BURLINGTON, VT — Dr. Chyi-Lyi (Kathleen) Liang researches trends in agriculture and local foods for the United States Department of Agriculture (USDA). She is finding more and more farmers across the United States who are interested in looking at the New England model of farming by adding value, marketing to multiple venues, adopting agritourism and connecting more closely to their local communities.
She has visited farms in the Midwest with 500 or 1,000-acres in production and losing money. They are consistently impressed when she says she is from Vermont. “We have people doing fine on 20 acres,” she said.
“New England farmers are more used to the small farm lifestyle,” she said. “Our farmers are absolutely more entrepreneurial. They’re very risk-tolerant and they’re very stubborn.” She added that 90 to 95-percent of the small farms in Vermont and many in New England, have an outside income.
Dr. Liang is a professor of entrepreneurship and economics at the University of Vermont (UVM), she works in the department of Community Development and Applied Economics. She recently won a national award for her work with a program she invented to teach students how to be entrepreneurs. She calls it Dollar Enterprise. In this class, she gives students each $1 at the beginning of the semester. Working in teams, the students start a business on campus. At the end of the semester they are expected to give $2 back to their professor. Any extra funds raised are donated to a charity of the students’ choice.
Over 10 years these enterprises have donated $50,000 to charities. Students created businesses from donated ingredients such as extra apples from a local orchard and old bicycle parts, which one team made into jewelry.
Dr. Liang was one of three innovators honored in Austin, TX this past May at the Farm Credit MarketMaker Innovation Awards at the 17th annual National Value Added Agriculture Conference. MarketMaker is a national e-commerce network that brings farmers and fishermen together with markets and with consumers. Dr. Liang wrote a chapter for a textbook describing her program.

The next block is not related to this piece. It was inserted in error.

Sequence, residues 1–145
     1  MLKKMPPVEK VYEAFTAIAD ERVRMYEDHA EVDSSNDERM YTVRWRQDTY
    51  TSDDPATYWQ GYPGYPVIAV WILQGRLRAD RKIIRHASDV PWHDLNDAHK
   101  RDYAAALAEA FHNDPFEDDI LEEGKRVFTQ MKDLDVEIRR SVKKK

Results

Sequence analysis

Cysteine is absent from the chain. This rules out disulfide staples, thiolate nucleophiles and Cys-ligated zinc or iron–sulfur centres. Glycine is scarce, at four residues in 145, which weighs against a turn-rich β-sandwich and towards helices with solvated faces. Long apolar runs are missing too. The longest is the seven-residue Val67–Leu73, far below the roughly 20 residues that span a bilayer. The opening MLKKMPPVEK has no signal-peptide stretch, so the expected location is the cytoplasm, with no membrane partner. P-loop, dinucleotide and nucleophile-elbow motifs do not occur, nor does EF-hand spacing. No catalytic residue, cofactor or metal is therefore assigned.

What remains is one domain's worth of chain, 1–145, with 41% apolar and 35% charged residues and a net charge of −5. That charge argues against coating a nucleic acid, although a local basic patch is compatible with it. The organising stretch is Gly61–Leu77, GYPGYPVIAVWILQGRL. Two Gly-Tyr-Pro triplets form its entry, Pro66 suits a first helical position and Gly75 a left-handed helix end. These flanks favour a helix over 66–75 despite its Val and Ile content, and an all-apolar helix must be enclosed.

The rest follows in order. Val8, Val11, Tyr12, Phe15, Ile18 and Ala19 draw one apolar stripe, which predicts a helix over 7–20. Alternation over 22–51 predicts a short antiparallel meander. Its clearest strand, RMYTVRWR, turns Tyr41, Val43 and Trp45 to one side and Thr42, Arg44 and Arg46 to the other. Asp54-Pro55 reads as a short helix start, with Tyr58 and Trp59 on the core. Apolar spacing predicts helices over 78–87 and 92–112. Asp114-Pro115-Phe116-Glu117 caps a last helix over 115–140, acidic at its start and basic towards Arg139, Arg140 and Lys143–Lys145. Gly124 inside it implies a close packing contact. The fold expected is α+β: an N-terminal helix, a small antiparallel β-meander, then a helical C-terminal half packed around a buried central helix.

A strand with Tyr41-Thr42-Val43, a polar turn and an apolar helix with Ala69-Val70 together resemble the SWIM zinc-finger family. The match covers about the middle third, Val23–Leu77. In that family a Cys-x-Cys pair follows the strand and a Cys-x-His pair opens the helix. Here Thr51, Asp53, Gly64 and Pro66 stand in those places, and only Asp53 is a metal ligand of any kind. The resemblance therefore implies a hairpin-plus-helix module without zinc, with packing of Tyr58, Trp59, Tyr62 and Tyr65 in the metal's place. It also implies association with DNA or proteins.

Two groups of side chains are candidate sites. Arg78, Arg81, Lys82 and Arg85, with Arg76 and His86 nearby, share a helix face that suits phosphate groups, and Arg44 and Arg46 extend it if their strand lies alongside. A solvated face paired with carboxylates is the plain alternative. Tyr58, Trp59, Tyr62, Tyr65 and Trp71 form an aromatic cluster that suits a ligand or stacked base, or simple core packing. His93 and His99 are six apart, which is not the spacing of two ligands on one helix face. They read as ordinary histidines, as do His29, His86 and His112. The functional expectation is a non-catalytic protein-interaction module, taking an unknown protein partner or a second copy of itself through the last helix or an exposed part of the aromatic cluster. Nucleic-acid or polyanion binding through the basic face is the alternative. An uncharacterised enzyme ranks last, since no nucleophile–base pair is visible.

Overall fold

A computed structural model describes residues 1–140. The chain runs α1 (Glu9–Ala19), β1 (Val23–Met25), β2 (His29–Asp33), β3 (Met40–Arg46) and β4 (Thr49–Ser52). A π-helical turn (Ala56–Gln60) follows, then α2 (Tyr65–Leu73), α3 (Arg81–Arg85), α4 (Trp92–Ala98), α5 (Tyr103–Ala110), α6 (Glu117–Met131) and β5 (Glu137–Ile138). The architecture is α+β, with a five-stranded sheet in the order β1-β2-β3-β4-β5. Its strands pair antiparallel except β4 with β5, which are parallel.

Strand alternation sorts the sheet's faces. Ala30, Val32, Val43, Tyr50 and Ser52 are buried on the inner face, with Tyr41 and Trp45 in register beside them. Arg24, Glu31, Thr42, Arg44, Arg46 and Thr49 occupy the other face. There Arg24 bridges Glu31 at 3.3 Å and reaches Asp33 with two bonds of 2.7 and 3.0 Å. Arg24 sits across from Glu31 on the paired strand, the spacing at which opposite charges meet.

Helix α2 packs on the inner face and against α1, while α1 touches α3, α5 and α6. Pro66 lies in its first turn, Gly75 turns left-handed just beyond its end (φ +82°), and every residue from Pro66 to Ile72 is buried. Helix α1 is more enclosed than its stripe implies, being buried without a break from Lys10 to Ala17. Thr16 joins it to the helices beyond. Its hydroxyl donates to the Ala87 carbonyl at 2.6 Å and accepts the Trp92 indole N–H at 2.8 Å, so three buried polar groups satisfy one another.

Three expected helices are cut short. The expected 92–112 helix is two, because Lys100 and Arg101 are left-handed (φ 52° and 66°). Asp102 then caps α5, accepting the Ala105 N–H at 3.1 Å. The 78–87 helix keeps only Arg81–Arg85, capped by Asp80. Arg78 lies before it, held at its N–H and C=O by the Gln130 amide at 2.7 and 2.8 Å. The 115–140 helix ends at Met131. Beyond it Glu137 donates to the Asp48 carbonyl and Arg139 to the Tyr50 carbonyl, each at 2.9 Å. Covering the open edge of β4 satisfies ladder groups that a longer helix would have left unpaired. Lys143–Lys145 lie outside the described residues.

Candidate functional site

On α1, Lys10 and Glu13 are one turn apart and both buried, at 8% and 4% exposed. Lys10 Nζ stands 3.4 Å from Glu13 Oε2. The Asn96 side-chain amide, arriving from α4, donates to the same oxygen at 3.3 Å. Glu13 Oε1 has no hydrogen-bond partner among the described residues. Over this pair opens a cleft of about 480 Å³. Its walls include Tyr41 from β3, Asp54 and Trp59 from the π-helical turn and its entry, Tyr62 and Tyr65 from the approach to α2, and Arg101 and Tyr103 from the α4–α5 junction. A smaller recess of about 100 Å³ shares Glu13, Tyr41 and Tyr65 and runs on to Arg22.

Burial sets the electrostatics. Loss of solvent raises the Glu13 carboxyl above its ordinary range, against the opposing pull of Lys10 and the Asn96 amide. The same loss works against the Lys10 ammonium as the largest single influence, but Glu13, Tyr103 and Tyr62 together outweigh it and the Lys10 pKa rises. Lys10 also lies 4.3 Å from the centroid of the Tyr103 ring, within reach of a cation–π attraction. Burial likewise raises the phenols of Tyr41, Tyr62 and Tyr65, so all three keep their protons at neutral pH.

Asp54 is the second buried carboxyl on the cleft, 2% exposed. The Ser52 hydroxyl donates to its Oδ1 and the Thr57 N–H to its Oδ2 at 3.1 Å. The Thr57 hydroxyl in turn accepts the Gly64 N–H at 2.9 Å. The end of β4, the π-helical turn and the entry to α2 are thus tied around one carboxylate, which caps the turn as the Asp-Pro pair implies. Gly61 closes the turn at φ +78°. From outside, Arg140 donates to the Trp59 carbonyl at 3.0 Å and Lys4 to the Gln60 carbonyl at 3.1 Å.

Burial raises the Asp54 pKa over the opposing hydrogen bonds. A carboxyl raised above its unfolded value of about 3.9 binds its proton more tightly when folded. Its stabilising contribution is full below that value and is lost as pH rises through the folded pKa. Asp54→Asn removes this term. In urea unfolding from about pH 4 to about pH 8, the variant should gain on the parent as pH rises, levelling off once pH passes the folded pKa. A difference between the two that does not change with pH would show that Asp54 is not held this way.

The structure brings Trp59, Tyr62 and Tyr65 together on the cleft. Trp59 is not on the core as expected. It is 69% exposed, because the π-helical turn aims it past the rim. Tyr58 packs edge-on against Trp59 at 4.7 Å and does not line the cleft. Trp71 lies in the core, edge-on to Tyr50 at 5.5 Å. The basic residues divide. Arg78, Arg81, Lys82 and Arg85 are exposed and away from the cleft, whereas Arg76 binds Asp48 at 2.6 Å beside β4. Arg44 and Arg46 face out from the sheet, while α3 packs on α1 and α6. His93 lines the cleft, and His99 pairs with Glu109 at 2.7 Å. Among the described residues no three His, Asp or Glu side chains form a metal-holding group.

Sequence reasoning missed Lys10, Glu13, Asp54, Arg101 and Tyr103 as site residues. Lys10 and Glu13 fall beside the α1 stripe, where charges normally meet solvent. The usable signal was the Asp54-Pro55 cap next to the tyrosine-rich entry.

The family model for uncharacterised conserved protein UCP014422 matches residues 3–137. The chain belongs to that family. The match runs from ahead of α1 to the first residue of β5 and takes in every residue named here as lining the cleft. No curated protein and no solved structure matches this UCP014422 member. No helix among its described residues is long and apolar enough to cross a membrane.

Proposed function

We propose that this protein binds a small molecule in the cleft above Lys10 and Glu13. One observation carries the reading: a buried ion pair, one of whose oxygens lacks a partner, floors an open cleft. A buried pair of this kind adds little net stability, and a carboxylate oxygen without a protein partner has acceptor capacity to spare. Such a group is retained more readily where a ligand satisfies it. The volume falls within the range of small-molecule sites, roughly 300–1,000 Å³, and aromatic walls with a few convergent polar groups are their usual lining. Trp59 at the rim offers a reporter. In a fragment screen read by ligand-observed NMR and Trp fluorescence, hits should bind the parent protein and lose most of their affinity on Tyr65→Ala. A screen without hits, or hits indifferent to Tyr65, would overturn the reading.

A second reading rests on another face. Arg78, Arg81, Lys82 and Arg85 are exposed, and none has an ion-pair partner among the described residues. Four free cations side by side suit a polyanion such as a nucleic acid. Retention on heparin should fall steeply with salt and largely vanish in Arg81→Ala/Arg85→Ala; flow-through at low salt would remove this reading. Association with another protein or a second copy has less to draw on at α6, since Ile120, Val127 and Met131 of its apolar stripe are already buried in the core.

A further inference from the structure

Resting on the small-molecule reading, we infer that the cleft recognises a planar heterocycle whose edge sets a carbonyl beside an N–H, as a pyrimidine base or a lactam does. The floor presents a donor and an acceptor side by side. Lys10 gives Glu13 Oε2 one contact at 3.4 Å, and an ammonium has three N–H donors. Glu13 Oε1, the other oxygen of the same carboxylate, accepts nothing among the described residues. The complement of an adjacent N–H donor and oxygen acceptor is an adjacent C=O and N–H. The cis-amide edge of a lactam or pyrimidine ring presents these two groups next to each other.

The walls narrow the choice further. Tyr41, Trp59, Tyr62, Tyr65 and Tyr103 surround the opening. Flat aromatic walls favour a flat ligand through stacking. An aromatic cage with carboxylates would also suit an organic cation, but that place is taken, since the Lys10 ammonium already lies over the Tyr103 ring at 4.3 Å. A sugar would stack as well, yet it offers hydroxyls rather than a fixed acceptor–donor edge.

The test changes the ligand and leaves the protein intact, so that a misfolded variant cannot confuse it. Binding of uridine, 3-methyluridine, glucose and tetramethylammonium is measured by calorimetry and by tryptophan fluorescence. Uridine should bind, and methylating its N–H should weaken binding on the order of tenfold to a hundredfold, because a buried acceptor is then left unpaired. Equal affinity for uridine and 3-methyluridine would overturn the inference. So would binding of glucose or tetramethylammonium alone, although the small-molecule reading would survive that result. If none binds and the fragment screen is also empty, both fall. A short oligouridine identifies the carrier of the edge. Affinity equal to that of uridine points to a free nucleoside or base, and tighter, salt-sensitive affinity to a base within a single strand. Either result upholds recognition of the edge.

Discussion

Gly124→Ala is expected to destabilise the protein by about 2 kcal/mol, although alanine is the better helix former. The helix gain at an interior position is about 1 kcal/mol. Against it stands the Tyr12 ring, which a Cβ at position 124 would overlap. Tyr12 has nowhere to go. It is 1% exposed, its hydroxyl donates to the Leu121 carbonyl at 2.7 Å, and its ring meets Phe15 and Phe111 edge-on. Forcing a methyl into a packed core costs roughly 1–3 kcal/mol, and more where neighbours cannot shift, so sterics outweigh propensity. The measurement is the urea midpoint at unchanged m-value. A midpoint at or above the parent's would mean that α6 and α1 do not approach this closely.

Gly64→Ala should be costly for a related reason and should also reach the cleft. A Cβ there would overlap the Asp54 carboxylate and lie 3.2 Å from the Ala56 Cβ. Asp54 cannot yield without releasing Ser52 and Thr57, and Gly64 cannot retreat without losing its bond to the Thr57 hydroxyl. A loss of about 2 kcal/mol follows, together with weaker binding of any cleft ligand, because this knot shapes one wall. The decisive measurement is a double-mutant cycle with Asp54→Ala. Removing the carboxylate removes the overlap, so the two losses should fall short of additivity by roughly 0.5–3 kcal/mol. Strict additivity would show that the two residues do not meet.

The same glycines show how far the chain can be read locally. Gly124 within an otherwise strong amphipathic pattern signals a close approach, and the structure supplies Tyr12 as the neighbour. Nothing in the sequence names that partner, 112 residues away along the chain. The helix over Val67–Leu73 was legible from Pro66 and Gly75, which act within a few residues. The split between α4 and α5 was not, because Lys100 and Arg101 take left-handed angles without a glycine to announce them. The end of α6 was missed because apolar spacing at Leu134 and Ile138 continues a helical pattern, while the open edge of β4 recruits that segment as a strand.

A native of Taiwan, Dr. Liang learned frugality and entrepreneurship from her parents. Her father was the vice-president of the largest cargo company in Taiwan. Her mother was a professor of Chinese history and literature.
Dr. Liang went to National Taiwan University and studied agricultural economics. Her first research study was on how radiation and temperature changes affect oyster production.
She came to the United States in 1988 to get a Masters and Doctorate in public policy and natural resources. That led her to research in Nebraska studying buffalo and prairie dogs. She came to Vermont for a job to study underground water pollution and recommended a fertilizer tax which was later put into place.
In 1998, during Howard Dean’s administration, she was hired by UVM to research tourism’s economic impact on Vermont. “We did a national study,” she said. Survey results showed that tourists were coming to Vermont to see the scenery — in particular the working landscape with cows in pastures. “I realized that the agricultural base is the main support for the whole state economy,” she said. “Agriculture supports everybody else relating to tourism.”